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Competing for Endorsements

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  • Gene M. Grossman
  • Elhanan Helpman

Abstract

Endorsements are a simple language for communication between well-informed interest-group leaders and less-informed interest-group members. The members, who share some policy concerns, may not fully understand where their interests lie on certain issues. If their leaders cannot fully explain the issues, they can convey some information by endorsing one political party or the other. Members must interpret the importance of the endorsement in view of their feelings about the parties on other unrelated matters. When interest groups endorse legislative contenders, the latter may compete for their backing. Policy outcomes may favour special interests at the expense of the general public. We examine the conditions under which parties compete for endorsements, the extent to which policy outcomes are skewed, and the efficiency properties of the resulting political equilibria. We consider both leaders who follow a mechanical endorsement rule and leaders who behave strategically.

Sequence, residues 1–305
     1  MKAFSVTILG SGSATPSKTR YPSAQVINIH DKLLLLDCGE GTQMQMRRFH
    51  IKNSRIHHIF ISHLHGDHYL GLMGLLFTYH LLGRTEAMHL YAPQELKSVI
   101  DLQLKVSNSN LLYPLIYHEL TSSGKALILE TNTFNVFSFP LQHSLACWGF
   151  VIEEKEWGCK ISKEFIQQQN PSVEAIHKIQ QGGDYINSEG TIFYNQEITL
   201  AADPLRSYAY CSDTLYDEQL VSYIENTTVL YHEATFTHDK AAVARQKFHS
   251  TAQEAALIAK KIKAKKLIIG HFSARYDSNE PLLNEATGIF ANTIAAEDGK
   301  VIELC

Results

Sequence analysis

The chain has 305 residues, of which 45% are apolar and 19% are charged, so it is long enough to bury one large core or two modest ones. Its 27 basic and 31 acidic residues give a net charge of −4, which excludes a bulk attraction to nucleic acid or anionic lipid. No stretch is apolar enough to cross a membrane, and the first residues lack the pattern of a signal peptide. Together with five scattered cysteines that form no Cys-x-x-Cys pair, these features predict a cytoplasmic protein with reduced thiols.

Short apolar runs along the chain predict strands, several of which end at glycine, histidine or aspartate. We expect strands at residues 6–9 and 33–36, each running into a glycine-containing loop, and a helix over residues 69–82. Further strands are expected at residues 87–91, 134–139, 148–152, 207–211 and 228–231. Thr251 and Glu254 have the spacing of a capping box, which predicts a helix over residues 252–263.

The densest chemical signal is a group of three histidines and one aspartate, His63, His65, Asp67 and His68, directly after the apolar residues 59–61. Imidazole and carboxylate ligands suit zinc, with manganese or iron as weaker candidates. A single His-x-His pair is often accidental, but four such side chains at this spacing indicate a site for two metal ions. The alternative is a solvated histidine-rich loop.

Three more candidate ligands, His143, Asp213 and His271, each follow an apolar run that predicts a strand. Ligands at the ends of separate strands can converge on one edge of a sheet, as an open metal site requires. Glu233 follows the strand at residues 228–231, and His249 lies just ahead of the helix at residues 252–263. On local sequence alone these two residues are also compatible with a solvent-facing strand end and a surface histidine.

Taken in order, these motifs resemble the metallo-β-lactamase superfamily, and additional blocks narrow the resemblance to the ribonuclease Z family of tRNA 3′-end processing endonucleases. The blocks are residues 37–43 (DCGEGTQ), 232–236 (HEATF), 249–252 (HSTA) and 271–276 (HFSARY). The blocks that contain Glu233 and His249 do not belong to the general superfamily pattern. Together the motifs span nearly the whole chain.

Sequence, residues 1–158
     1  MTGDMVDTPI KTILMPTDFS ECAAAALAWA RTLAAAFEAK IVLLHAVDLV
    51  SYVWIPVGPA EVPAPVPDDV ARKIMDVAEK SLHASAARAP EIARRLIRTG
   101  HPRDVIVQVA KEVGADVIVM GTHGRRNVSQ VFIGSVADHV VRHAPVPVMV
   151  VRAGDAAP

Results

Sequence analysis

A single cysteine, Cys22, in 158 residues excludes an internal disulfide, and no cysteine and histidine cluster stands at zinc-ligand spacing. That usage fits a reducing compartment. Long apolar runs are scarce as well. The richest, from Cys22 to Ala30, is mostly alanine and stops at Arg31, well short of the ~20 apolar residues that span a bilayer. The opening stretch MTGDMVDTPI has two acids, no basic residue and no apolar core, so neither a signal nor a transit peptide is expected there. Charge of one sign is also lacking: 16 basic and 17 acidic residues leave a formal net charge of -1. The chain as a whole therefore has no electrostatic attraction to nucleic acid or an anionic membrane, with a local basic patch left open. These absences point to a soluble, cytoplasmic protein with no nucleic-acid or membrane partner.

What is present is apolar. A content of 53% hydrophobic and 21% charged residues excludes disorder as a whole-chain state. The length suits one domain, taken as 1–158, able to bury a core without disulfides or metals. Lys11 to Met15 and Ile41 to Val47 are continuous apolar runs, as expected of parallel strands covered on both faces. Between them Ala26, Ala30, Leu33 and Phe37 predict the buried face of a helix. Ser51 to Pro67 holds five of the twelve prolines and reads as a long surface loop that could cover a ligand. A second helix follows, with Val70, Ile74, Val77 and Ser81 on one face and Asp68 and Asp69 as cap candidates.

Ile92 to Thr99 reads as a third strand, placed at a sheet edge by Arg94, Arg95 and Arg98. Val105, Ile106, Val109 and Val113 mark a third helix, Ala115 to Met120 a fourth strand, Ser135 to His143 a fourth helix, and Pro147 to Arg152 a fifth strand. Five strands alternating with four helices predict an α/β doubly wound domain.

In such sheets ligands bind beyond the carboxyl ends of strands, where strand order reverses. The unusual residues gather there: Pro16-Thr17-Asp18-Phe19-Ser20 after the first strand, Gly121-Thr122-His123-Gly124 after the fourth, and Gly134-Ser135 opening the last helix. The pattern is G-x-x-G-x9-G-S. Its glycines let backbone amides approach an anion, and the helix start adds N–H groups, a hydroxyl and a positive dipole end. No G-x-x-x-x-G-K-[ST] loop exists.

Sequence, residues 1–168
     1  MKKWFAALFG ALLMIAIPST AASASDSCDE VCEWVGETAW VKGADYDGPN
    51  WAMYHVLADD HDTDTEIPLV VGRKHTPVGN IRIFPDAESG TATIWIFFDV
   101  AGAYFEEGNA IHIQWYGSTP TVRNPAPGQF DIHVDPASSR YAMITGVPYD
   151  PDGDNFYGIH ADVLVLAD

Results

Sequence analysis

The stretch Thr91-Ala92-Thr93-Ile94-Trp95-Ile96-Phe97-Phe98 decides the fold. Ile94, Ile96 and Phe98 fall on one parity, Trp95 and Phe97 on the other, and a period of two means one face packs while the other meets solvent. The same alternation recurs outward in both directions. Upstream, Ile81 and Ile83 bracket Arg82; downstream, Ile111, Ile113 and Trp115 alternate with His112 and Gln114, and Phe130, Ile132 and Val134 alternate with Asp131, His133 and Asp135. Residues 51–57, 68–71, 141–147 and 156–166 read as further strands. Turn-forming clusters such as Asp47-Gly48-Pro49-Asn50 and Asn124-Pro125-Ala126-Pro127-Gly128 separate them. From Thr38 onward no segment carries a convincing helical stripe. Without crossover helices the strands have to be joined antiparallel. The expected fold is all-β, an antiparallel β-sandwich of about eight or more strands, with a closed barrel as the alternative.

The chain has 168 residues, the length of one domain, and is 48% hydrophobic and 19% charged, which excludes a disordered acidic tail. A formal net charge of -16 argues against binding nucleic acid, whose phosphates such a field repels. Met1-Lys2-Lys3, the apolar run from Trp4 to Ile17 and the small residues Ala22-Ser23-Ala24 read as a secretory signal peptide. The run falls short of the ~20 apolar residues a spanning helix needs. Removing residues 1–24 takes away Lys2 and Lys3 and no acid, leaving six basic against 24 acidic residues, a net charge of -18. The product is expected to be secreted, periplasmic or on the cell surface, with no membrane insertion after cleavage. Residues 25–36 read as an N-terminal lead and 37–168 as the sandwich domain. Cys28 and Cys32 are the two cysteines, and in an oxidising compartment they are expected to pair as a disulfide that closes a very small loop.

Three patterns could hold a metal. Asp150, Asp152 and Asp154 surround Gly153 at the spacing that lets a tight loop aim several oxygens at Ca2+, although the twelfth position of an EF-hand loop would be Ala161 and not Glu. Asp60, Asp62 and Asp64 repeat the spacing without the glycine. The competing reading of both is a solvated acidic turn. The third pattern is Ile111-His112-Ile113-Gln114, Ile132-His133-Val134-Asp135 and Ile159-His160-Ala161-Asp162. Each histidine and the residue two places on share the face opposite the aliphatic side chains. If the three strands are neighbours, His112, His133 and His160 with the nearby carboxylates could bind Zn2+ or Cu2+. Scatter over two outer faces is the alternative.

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Bibliographic Info

Paper provided by Harvard - Institute of Economic Research in its series Harvard Institute of Economic Research Working Papers with number 1784.

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Date of creation: 1996
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Handle: RePEc:fth:harver:1784

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  1. Grossman, G.M. & Helpman, E., 1992. "Protection for Sale," Papers 162, Princeton, Woodrow Wilson School - Public and International Affairs.
  2. McKelvey, Richard D. & Ordeshook, Peter C., 1985. "Elections with limited information: A fulfilled expectations model using contemporaneous poll and endorsement data as information sources," Journal of Economic Theory, Elsevier, vol. 36(1), pages 55-85, June.
  3. Crawford, Vincent P & Sobel, Joel, 1982. "Strategic Information Transmission," Econometrica, Econometric Society, vol. 50(6), pages 1431-51, November.
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